136 – Mount Pleasant, circa 1790, Sharpsburg, MD

On the edge of Sharpsburg, Chapline Street drifts along a row of small houses, many dating from the early settlement of the village. At the edge of town, the road changes name and begins its descent to the Potomac River through gathering woodlands. On the right, a lane, marked against trespass, disappears among trees and undergrowth as it climbs to a bluff above the river. Huge boxwoods border the woods around a broad clearing atop the bluff; and at the far side of the opening appears a magnificent 18th century Georgian house built on a small, early patent called Norris’s Seat.

The main façade of this five-bay brick house is laid in Flemish bond with a two-step brick water table just above the stone foundation. An elaborate, white-painted, pedimented architrave surrounds the center entrance and small, wooden pediments top the windows on the first floor level. Elegant pierced moldings decorate these features as well as the cornice beneath the hip roof. Tall, corbeled chimneys rise inside either side wall. A stone addition attaches to the left, south of the main block. The ground slopes away at the rear and left of the house making the foundation taller on these sides. The back façade that faces the river has a portico with a roof balustrade. This portico has three levels: the cellar level with a stone foundation that curves back to double doors opening into the cellar, the main floor and the balustraded roof that is accessed through a large jib window on the second floor hall.

A white marble stoop lies before the main entrance. This door opens into a central hall. At the end of this hall, a batten door, hung on strap hinges, opens onto the back portico. The cornice, central medallion and surrounding oval on the hall ceiling are formed in drawn plaster. Three turned balusters stand on each step of the staircase, and its handrail turns gracefully into a volute. Moldings around doors and windows have crossettes and the wainscot going up the steps is a single, wide, hand-planed board.

To the right, a grained door leads into a formal sitting room. Again the wainscot is made of either one or two wide boards. The north wall, facing the door, is exquisitely paneled around the central fireplace. Arch-topped cupboards with butterfly shelves flank this fireplace. Original, hand-wrought, offset hinges allow these doors to open without having the hinges displayed on the faces of the doors; 18th century offset hinges are extremely rare.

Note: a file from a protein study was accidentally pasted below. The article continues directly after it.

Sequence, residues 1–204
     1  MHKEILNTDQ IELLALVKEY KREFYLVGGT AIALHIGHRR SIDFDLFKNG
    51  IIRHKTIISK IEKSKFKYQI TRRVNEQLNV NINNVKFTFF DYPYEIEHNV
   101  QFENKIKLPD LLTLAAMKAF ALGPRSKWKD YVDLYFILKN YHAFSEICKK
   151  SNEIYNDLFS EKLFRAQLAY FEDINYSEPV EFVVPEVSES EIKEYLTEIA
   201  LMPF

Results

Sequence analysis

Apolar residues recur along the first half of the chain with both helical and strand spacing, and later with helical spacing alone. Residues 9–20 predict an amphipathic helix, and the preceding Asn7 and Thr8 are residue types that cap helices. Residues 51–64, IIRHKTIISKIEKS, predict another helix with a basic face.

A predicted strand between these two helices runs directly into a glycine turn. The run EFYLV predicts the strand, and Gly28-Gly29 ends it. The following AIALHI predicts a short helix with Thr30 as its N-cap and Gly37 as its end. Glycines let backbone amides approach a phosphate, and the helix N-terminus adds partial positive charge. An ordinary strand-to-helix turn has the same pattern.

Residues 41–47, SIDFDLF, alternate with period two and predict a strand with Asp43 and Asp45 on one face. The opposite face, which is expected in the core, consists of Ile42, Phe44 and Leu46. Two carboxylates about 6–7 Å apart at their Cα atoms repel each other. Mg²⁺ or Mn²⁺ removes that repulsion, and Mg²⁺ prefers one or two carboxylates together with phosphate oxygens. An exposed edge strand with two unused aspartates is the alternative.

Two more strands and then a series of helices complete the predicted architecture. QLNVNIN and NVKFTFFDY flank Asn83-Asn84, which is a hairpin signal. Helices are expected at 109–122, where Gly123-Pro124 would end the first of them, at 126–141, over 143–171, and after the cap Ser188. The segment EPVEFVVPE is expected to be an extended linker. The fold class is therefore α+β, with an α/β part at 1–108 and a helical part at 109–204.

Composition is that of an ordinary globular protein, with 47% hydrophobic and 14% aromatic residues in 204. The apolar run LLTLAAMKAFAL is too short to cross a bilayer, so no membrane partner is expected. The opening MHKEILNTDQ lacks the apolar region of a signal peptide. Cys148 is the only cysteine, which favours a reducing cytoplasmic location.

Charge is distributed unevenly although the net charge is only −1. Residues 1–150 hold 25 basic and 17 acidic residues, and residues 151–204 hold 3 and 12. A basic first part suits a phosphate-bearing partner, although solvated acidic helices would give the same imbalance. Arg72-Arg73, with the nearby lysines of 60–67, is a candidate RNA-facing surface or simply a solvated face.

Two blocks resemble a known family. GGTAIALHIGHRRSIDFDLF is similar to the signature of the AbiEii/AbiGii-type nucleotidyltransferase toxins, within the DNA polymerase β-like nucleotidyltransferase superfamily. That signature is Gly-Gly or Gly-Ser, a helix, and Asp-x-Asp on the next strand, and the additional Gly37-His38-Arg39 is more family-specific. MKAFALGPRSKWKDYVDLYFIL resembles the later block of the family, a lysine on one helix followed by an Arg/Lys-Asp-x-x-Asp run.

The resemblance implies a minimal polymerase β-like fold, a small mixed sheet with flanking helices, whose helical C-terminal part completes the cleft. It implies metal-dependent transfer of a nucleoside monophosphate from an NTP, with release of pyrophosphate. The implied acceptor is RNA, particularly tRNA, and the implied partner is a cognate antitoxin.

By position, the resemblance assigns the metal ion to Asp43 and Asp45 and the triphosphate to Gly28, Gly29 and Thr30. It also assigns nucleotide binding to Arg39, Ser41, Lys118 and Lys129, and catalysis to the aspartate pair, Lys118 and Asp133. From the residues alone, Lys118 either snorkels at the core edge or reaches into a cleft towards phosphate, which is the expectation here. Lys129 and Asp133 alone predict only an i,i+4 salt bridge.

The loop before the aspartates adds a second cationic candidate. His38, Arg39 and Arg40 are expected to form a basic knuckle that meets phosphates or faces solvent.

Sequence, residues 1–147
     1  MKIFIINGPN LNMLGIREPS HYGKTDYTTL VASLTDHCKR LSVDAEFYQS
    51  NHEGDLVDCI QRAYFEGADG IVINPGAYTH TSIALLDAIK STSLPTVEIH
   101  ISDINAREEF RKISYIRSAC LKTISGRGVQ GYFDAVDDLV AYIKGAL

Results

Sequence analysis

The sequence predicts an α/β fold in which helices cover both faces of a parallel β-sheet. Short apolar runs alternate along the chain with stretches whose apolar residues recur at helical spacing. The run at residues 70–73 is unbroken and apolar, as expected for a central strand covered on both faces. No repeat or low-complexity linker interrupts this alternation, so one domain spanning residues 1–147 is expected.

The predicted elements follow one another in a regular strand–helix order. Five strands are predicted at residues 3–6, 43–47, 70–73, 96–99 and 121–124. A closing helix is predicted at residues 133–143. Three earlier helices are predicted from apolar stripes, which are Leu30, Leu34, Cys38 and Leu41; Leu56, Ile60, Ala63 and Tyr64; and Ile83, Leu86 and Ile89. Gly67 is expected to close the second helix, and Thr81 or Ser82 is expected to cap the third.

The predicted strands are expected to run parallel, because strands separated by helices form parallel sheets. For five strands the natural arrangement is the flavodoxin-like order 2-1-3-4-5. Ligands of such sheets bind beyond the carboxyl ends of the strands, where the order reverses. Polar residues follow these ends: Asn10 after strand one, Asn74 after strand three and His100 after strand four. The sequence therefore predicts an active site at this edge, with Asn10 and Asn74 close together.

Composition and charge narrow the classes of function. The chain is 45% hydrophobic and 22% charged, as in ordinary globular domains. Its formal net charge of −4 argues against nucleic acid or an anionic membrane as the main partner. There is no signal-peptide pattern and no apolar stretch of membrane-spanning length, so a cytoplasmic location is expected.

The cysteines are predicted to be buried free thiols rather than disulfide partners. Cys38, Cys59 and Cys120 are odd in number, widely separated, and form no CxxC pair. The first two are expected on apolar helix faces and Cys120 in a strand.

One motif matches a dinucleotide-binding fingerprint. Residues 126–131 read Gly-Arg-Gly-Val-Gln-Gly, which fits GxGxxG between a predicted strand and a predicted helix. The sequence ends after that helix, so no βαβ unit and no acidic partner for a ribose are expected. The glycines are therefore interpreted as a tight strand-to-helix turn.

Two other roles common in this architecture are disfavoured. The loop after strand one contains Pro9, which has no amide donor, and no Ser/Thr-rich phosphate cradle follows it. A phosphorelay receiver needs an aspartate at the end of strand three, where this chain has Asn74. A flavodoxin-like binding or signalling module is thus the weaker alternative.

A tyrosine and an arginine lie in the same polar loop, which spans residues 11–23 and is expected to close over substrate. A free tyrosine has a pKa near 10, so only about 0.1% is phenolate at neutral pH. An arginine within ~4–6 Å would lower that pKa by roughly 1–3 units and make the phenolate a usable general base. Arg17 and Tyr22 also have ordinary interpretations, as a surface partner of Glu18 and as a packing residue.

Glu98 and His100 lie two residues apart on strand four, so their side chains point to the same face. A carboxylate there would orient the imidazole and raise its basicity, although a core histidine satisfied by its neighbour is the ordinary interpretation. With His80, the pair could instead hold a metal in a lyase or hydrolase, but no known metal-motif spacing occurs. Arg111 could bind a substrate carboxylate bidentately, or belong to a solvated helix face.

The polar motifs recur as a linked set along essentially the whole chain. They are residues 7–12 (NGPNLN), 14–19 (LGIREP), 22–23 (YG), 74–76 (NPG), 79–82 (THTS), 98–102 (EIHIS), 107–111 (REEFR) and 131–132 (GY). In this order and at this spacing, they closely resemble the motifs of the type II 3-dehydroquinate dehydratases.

A door under the stairs at the back of the hall enters the second room on the right. This room also has handsome paneling on the north wall, but in a different style. Here the doors flanking the fireplace are rectangular and the one closet has straight shelves while the other is fitted with a peg rail at the top, to hold hanging items.

On the left side of the hall, another grained door opens into a narrow dining room that is the full depth of the house. The fireplace is centered on the south wall and has a paneled overmantel with crossettes. Walls are covered in period wallpaper above the chair rail; and the room is dominated by a long, narrow, period-style table that fits the room perfectly. Beyond the dining room, in the stone wing, is the kitchen. Modern cupboards and counters fit the old spaces and the original fireplace with its wasp-waist mantel surround dominates the space.

The second floor hall is narrower than the first, giving the four rooms more space. The north rooms on this floor also have paneled north walls, with moldings in each of the rooms different from the others. Each of the upper rooms has a large closet with shelves on one side and a smaller cupboard on the other side of the fireplace. The shallow mantelshelves then extend above this cupboard to the inner walls of the rooms.